A procedure to remove the kidney stones she developed after the surgery led to an infection and septic shock. "We almost lost her," David says.
Soon after, a severe seizure left her with a fractured femur.
"She's had 13 hospital stays since her surgery," David says. "But she's doing better now."
Now is what matters.
The night before the dance in February, David drove out in a snowstorm to buy her fancy shoes and a jacket to match the silver dress she'd be wearing.
"I just knew black," David says. "Black patent shoes and the bows."
Then, it was Hannah's turn to pick out an outfit for her dad.
"In the past, I've just worn one of my tuxedos, but she wanted me to wear my military dress uniform, with the short military jacket," David says.
David carries her when they dance, swaying at the crowd's perimeter. He holds Hannah like he did when she was a baby, her weight supported in the crook of his left arm, right arm wrapped around her back, her head on his shoulder. When she was an infant, she slept like this on his chest, the top of her head resting at his chin.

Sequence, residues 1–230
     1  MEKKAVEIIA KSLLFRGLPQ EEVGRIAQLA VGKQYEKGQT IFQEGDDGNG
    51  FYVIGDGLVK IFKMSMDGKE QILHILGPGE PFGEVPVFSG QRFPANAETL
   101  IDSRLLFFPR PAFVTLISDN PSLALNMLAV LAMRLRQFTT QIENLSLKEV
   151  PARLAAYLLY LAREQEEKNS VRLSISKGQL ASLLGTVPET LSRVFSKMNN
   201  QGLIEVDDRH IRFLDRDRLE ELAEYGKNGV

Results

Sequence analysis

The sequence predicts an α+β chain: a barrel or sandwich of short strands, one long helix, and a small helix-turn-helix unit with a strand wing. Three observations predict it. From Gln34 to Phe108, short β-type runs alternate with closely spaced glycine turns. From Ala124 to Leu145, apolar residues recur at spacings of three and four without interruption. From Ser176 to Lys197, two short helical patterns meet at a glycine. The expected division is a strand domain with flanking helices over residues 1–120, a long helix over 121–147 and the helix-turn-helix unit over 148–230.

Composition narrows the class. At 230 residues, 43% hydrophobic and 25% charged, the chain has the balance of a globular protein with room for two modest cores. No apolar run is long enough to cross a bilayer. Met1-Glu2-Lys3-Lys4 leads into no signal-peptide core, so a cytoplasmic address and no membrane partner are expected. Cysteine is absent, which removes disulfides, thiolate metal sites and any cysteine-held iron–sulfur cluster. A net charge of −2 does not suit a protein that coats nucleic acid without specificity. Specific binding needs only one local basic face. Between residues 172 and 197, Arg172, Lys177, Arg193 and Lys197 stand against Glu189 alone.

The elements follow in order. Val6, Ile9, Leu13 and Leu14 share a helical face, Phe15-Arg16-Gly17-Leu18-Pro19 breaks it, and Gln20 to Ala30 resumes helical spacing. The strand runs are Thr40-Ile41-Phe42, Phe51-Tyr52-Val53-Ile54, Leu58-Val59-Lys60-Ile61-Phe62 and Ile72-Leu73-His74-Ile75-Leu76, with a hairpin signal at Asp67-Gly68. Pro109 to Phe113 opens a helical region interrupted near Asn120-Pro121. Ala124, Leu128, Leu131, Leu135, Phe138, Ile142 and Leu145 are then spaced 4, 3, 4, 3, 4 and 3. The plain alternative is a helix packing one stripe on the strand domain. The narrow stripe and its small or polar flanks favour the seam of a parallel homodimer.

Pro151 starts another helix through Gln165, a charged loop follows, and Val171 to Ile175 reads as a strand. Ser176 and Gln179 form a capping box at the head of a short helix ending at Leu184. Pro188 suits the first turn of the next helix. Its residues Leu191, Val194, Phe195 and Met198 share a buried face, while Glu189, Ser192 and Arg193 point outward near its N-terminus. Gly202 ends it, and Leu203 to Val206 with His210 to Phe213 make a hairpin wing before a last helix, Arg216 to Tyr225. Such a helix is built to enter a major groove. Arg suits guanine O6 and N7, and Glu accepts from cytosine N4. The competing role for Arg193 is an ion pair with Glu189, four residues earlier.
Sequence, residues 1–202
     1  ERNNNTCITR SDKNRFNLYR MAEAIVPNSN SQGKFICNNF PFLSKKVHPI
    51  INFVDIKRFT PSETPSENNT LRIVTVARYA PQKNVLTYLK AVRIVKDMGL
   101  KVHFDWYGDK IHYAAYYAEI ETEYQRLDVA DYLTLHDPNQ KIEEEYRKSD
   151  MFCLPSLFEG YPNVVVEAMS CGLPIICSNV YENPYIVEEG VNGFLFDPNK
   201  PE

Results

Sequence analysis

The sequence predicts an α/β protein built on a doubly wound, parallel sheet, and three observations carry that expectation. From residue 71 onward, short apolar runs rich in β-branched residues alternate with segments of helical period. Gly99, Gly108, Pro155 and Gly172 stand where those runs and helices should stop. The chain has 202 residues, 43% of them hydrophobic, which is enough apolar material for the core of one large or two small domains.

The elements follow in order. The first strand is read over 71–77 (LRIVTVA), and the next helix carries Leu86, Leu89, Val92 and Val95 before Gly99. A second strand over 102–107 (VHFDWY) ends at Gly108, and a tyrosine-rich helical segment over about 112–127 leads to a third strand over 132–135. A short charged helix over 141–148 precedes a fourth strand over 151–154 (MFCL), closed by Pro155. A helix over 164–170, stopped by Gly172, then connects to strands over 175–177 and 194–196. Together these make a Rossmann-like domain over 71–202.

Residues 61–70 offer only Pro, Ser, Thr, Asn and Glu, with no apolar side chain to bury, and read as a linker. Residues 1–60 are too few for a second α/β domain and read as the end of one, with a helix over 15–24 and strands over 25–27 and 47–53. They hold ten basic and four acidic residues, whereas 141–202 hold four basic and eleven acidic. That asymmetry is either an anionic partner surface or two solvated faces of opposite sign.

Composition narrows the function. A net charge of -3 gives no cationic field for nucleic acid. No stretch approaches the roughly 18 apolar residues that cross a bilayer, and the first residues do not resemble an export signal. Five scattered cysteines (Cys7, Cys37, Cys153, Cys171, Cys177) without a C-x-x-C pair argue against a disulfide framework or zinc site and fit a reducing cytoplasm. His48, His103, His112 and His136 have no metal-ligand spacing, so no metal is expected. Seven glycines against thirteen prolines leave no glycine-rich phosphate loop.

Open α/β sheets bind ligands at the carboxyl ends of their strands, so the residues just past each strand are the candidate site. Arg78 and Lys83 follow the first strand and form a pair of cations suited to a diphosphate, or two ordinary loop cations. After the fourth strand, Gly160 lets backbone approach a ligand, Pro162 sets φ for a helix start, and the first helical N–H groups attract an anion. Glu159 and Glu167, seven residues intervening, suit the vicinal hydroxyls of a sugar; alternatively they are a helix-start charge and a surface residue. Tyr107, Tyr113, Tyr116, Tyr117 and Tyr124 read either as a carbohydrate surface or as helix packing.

The song changes to a more rousing number and David carries Hannah back to her wheelchair, against the flow of the crowd.
For most of the dads here, this event is a chance to spend special time with daughters whose own lives and agendas eventually will take over and take them away - to friends, school, marriage and families of their own.
When she initially was diagnosed, doctors in Iowa told David and Sandi that Hannah was one of only 50 cases of severe migratory partial epilepsy of infancy worldwide. Most children with the disorder die before age 2.
"Now, all the doctors want to study her," David says. "She's beaten all the odds."
Almost a teen now, Hannah is in uncharted territory. David doesn't know long he has with his little girl, but does any father?
It's nearly 10:30 p.m. and David can't believe how awake she is. Last year, they had to leave early because Hannah wasn't feeling well and the music was too loud. This time, though, she seems determined to stick it out. The spinal fusion might have helped with her stamina. It could be the excitement, too.
The song ends and David settles Hannah back in her chair, smooths her hair and her dress, and leans down to her ear.
"You ready to go?"
"You want to dance one or two more slow songs?"
Her eyes flutter, and keep fluttering. Yes, yes, yes.
Contact Stephanie Earls: 636-0364